Such is the case with the parks of the Battery Park City Parks Conservancy, and one jewel in that chain is Nelson A. Rockefeller Park, named for the man who served as Gerald Ford's Vice President after a long stint of Governor of New York. You young-uns might hear the term "Rockefeller Republican" bandied about these days, as in "There are no more Rockefeller Republicans." Well, this is the guy.
Now, that's not meant as a dig at the Parks Department, which does a darned good job given limited resources and a huge number and variety of properties to maintain. But we can and should appreciate the extra mile gone by the various conservancies and tax-exempt organizations devoted to particular parks. Some neighborhoods are just richer than others, with residents who can afford to pitch in some of their riches and time to make things look extra pretty. And we can all enjoy the rich fruits of their rich-people labor.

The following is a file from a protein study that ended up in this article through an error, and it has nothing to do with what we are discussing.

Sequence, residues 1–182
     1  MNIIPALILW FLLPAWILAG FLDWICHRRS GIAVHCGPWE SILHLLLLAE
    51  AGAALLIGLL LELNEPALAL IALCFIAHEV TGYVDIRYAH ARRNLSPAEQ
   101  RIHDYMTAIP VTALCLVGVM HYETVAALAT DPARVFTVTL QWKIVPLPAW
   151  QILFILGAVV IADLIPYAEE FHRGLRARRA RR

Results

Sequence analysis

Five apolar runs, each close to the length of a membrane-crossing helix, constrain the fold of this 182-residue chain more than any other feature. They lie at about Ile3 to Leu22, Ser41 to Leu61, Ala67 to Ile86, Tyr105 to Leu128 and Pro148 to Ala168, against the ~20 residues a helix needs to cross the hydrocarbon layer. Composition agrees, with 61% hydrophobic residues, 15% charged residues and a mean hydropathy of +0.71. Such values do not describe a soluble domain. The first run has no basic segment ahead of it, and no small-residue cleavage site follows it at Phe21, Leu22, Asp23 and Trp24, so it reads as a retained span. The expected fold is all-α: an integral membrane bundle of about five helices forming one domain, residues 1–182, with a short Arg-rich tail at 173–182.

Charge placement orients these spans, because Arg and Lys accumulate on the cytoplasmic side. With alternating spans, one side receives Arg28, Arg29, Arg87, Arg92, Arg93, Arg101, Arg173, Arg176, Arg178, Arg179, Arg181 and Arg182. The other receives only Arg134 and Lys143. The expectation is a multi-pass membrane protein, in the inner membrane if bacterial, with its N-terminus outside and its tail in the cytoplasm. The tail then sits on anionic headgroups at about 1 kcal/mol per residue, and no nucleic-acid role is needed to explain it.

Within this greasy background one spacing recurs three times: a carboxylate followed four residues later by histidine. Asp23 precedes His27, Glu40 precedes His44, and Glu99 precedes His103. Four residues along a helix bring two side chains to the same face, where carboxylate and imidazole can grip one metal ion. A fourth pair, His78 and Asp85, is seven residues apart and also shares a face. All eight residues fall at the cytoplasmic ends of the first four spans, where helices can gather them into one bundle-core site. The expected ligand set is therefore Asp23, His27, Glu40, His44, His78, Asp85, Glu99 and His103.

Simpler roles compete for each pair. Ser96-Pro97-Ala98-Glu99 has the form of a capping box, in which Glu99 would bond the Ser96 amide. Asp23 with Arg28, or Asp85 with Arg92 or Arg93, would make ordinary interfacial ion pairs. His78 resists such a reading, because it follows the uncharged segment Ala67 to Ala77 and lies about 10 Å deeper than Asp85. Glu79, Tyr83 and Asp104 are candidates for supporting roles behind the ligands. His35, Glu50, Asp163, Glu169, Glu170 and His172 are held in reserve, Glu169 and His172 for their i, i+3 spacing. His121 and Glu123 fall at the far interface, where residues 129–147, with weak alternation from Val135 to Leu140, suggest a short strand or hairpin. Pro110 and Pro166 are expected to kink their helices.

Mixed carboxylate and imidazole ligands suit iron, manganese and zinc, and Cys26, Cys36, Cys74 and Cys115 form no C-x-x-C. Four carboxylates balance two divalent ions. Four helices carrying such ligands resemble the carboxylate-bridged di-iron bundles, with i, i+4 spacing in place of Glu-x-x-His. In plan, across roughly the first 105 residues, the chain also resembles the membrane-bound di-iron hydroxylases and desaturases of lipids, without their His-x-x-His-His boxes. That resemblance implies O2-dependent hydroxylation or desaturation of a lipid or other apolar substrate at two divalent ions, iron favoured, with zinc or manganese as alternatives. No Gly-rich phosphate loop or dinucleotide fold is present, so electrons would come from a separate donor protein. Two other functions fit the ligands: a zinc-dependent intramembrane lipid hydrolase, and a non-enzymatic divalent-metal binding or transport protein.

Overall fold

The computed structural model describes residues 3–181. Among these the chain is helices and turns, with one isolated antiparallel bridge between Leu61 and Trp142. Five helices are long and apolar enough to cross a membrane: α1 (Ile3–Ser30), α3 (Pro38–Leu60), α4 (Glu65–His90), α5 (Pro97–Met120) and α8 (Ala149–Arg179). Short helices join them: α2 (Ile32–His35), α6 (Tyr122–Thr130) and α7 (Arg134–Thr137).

Rockefeller Park hugs the Hudson River at the north end of the Battery Park area. Tom Otterness sculptures, collectively titled The Real World, sprawl and huddle fancifully about.
Look to the west, out over the Hudson on an early evening in late spring, and you might catch a cheery sailboat crossing in front of the Statue of Liberty.
The silhouettes of the Jersey City skyline peer across the river at the people kicking around balls (or ideas) on the green lawn:
And as the sun drops lower, the silvery-blue sky looks gorgeous.